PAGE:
Steve Jobs clearly believes in it, Rupert Murdoch wants a piece and Jorma Ollila has high hopes for it: the executives behind well-known companies such as Apple, News Corporation and Nokia agree that convergence has finally arrived in technology, media and telecommunications.

I think each of these leaders, icons in their industries, is telling us the same thing: the convergence of communications, media and the internet can no longer be ignored. In the global media and communications sector, technology has brought us again to one of those extraordinary inflection points where entirely new mass consumer product categories are created.

If that sounds like hype, just pause for a second and try to remember the world before the internet, before the mobile phone, before the Walkman, before multi-channel television. That was about 20 years ago. That is what technology can do.

While some smart guys are piling in, however, others are in denial. They are dreaming of maintaining the status quo – a cosy world where market share
and margins in both mobile communications and the media can remain predictable, and more or less static – for years.

I believe that the distribution structure for internet, media and communications products has already changed, and has changed for good. All the trends from the music industry, pay-per-view television and internet search indicate that “mobile” is what users want. Mobiles are at the centre of the converged world of communications, the internet and media – not just in Asia but now across Europe and, soon, in America also. Our confidence in this proposition is as robust today as it was five or so years ago when Hutchison Whampoa began investing in third-generation digital mobile licences across Europe and around the world.

From our perspective, customers are leading the charge and where fashion leads, revenues follow – think about the migration of advertising to players such as Google and Yahoo on the web. For everyone in the world of advertising, the present structure of the internet advertising market was unthinkable even a few years ago. It is entirely logical to expect that much the same market will develop in the world of mobile broadband internet – perhaps it will be even bigger.

The sheer ubiquity of the mobile handset as a consumer product is the reason it can claim centre place in the converged broadband world. The handheld device is already one of the most successful and important consumer products in our lifetimes. Now it is becoming a vital platform for the distribution and consumption of advanced communications, the internet, media and entertainment.

New research recently published by Britain’s Royal Society for the encouragement of Arts, Manufactures & Commerce suggests there are more than 2bn mobile phones in use around the world, generating total annual revenues of $550bn for the cellular industry.

Market penetration numbers reflect the potential for traditional media distributors. Analysts estimate that European mobile penetration reached an average level of more than 95 per cent in the first half of this year. And CIBC World Markets in New York predicts a “sharp increase in 3G handset distribution” in the foreseeable future.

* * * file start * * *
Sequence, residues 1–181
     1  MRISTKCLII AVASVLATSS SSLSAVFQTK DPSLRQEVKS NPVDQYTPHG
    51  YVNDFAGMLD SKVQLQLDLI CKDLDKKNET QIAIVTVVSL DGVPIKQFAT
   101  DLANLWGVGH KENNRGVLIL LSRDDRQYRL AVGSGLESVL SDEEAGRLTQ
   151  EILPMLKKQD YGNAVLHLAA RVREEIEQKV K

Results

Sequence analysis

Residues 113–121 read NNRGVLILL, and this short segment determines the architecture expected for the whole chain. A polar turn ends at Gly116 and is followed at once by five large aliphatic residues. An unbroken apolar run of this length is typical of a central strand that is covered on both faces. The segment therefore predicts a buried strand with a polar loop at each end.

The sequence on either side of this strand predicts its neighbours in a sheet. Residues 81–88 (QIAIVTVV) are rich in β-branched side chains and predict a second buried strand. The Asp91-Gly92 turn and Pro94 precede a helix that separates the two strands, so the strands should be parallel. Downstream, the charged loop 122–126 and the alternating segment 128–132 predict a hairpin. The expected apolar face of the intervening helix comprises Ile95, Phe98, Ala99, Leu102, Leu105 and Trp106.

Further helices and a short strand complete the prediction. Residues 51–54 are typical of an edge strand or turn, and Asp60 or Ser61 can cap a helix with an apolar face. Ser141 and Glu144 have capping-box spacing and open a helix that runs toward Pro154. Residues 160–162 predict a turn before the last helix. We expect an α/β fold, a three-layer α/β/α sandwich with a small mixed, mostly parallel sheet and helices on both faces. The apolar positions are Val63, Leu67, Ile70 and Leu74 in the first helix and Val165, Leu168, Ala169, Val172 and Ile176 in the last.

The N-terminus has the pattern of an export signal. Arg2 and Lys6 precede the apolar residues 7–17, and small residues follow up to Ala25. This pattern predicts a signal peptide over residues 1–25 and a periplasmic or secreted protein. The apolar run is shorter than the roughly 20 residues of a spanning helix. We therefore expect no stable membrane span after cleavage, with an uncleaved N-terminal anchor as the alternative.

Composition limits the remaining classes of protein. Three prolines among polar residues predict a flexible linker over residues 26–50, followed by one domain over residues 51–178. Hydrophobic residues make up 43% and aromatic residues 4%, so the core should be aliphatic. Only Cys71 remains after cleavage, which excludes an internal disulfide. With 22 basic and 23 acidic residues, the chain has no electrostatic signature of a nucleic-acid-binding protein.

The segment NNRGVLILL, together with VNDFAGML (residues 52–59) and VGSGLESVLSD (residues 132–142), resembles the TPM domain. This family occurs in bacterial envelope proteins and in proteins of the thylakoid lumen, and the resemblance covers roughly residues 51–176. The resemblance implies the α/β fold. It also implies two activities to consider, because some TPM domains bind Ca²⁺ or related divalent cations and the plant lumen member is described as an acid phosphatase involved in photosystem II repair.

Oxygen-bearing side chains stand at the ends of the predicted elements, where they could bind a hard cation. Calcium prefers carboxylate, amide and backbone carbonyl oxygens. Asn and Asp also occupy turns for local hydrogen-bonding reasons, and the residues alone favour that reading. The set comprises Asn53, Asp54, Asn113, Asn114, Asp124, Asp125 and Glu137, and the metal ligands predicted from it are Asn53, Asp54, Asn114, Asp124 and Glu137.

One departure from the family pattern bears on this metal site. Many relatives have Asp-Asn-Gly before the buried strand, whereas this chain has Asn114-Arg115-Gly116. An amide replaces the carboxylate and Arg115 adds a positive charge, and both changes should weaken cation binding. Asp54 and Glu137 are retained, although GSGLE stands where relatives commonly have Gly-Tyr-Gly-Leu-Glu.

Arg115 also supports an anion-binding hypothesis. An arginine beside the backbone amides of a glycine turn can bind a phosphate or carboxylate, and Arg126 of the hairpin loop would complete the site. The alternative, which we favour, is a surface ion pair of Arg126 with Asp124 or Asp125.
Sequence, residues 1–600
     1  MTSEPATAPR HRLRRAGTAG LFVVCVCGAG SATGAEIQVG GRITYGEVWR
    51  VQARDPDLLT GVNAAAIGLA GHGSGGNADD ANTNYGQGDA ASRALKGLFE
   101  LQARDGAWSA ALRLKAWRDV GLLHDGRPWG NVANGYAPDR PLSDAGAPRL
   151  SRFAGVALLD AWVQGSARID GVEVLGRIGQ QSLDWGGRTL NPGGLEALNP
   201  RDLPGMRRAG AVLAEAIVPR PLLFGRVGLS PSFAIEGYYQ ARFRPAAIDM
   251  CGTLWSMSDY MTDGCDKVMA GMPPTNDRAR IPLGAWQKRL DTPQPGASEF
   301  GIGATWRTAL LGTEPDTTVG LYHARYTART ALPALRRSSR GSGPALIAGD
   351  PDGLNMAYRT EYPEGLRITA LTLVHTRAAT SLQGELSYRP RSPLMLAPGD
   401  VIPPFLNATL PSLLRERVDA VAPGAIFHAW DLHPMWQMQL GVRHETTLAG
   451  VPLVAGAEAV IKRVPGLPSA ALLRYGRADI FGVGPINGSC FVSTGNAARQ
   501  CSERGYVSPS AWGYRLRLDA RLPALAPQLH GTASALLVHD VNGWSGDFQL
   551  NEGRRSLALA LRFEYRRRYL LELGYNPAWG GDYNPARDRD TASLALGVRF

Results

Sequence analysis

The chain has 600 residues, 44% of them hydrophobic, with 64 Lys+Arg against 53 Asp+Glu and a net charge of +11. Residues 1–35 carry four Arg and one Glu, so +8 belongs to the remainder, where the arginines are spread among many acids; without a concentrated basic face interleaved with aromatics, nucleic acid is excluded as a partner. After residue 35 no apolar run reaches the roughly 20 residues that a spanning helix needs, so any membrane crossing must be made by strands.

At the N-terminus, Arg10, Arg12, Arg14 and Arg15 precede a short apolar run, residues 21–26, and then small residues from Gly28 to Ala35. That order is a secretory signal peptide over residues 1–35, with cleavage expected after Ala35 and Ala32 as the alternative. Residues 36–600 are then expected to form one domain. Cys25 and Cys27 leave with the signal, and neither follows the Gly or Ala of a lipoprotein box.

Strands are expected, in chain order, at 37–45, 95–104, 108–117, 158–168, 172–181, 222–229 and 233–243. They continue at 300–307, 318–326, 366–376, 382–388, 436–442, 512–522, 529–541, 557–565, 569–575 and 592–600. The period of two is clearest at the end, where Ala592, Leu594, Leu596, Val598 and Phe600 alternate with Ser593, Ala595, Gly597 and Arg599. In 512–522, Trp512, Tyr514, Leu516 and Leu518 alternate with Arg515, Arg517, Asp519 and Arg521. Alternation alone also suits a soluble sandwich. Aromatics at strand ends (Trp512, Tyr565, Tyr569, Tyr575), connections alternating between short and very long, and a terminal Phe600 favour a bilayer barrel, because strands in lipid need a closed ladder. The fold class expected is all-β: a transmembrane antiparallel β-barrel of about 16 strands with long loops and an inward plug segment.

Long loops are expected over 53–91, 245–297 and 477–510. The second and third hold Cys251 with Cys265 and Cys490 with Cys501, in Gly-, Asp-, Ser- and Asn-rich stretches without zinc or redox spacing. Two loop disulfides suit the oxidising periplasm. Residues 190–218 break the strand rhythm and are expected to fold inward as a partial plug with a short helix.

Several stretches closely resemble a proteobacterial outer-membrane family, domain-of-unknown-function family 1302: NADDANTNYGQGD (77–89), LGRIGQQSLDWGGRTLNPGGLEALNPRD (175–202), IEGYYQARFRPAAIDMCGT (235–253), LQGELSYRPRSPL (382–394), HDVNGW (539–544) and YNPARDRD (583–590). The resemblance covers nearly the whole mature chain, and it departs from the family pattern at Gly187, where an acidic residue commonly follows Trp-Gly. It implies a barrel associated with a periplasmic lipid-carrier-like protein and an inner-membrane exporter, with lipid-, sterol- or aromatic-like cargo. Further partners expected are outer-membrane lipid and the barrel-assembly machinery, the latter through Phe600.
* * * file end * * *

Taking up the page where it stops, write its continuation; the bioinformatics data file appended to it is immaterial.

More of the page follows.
No one should be surprised. Even in developed markets in Europe, mobiles reach many more customers individually than television, and far more customers than any cable or satellite multi-channel offering. Depending on where you look, there are anywhere from twice to four times as many mobile customers as internet users.

That transition is being led by the availability of 3G handsets, with almost 200 different devices now available from European wireless carriers alone and data traffic showing strong quarterly growth across the sector. Non-voice services account for 23 per cent of the monthly revenues generated by 3 Group’s 10m customers, equivalent to €9 ($10.63) a month per customer.

Amid all this, I believe next year will mark a watershed. Mobiles are poised to take a significant share from the compact disc market, the personal computer, the iPod and television sets as a principal channel of distribution. Products will include pay-television and services such as “catch-up television”, which summarises topical television events you might have missed, and community television, products where everything from news to entertainment is produced every day, everywhere, by everyone who carries a mobile.

That trend marks one of the first steps towards integration of the home and mobile music, television and filmed entertainment environments. Mobiles will become an interface to products in the home and a channel with high capacity return driving the further development of those products.

We now find ourselves at a similar point to where television was in the late 1940s. In 1949, just 2 per cent of American households had a television set. Five years later, more than half of all Americans were glued to the box. Today, television is ubiquitous globally.

But the winners of this new world order will not be all the “usual suspects”. A mobile operator that does not understand its consumers’ media needs will fail, as will a media operator that does not anticipate what customers want in mobility. An internet operator that does not understand its customers’ needs in mobility will be off-line for much of the time that his customers are online. This will lead to important new alignments between the mobile, internet and media worlds.

The writer is chief financial officer of Hutchison Whampoa Limited

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